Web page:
After a nine-month odyssey, Steve Cohen finally got what he wanted: a deal to acquire the New York Mets.
The billionaire reached an agreement with Sterling Partners, a firm backed by the families that own the Mets, to purchase the 58-year-old team, according to a statement Monday. Terms of the transaction, which still needs approval from Major League Baseball’s other club owners, weren’t disclosed.
“I am excited to have reached an agreement with the Wilpon and Katz families to purchase the New York Mets,” Cohen said in the statement.
Cohen, already a Mets investor, was in talks to acquire the team late last year, but the negotiations broke down by February and the owners went looking for other prospective buyers.
Mets fans have long hoped that a change in ownership would help shift the fortunes of a team in the shadow of the New York Yankees. Though the Mets have the fifth-highest payroll in the league, it’s significantly below what the Yankees and Los Angeles Dodgers spend.
The 64-year-old Cohen rooted for the Mets while growing up on Long Island and attended games at the Polo Grounds, where the team started out.
Cohen, the owner of Point72 Asset Management, is worth $10.1 billion, according to the Bloomberg Billionaires Index. His former firm, SAC Capital Advisors, pleaded guilty to securities fraud in 2013 and paid a record fine as part of a U.S. crackdown on insider trading on Wall Street.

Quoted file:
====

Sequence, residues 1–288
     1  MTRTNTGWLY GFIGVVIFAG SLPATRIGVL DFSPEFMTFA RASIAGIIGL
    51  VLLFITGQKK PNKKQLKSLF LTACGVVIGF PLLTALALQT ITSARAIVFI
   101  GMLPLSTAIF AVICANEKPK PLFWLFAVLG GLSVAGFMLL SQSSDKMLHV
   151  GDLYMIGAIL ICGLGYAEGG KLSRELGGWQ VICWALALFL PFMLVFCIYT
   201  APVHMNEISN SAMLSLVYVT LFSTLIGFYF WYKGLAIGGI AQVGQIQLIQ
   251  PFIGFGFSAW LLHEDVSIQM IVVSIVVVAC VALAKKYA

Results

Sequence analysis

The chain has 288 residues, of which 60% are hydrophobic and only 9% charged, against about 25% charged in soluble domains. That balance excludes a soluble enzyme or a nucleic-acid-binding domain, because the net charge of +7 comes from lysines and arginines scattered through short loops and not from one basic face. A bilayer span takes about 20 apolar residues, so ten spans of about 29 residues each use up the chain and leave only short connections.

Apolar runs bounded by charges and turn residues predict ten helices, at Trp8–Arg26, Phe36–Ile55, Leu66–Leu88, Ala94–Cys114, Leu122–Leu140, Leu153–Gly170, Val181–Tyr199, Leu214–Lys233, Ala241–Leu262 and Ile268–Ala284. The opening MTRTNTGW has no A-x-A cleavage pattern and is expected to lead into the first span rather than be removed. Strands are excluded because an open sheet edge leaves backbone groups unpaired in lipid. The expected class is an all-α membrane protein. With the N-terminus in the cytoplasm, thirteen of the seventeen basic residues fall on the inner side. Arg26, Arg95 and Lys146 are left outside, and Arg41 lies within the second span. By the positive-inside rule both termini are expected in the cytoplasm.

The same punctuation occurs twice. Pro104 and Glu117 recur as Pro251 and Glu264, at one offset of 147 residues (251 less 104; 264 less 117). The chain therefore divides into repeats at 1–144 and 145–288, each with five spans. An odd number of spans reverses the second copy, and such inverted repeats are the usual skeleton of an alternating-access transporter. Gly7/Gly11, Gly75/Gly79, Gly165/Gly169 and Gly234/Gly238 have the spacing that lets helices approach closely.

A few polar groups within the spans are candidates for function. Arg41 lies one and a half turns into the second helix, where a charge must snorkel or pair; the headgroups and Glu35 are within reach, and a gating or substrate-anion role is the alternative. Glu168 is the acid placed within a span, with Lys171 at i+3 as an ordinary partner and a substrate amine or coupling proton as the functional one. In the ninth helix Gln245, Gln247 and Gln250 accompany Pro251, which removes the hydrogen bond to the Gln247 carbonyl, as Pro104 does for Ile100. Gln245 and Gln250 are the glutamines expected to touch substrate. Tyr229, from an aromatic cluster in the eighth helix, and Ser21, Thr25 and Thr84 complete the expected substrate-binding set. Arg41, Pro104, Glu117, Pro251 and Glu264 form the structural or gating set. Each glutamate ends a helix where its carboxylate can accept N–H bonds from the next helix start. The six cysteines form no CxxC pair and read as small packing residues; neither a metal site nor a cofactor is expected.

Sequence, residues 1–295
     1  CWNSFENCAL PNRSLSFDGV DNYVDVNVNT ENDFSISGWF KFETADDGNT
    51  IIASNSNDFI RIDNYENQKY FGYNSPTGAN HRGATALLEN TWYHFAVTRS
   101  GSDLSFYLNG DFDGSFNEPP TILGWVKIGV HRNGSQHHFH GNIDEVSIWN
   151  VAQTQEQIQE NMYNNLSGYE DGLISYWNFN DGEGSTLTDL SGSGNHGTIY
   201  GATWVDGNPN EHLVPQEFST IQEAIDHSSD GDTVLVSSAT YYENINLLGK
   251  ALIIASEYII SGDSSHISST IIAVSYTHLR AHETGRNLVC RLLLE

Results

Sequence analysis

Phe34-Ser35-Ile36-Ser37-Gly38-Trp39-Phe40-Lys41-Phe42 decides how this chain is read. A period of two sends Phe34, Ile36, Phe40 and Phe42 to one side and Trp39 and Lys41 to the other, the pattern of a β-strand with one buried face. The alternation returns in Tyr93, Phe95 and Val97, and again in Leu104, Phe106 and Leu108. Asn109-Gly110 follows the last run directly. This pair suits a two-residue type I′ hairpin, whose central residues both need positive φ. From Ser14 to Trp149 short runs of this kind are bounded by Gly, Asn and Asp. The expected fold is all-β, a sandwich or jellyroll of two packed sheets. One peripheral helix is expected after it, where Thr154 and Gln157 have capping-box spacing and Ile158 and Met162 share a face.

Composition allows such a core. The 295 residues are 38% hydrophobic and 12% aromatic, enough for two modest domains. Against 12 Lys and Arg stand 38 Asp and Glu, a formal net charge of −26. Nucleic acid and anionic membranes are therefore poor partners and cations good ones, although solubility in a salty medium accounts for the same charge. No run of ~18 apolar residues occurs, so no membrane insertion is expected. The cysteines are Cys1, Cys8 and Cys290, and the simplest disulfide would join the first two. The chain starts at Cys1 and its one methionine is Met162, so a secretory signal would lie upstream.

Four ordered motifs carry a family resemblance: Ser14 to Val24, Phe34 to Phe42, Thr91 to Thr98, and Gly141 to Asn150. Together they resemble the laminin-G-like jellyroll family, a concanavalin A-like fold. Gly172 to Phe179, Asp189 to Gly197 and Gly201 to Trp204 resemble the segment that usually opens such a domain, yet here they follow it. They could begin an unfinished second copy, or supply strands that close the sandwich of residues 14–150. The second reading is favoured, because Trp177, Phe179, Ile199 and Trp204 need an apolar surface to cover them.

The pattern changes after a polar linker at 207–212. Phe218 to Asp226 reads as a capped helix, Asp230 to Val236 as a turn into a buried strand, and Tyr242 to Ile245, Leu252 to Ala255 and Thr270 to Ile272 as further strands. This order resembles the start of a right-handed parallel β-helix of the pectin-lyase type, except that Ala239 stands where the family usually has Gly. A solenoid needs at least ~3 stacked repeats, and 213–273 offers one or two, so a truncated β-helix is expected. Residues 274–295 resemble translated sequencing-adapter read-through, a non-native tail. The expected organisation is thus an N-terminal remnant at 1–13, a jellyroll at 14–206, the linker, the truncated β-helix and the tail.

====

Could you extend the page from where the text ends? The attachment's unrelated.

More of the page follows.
Cohen raised $5 billion in 2018 from outside clients when Point72, a family office, became a hedge fund, saying it was easy to raise money.
Sportico previously reported on Cohen’s Mets deal, saying it values the Mets at about $2.42 billion. That would make it the most spent on an MLB franchise, exceeding the $2.15 billion paid for the Los Angeles Dodgers and related real estate, the sports website said.
Even at the record level, the price suggests Cohen was able to bargain down the Mets owners. In the transaction discussed last year, the team was valued at $2.6 billion, a person familiar with the matter said at the time.
Cohen previously bid on the Dodgers, but failed to strike a deal. They were bought by a group that included Guggenheim executives in 2012.
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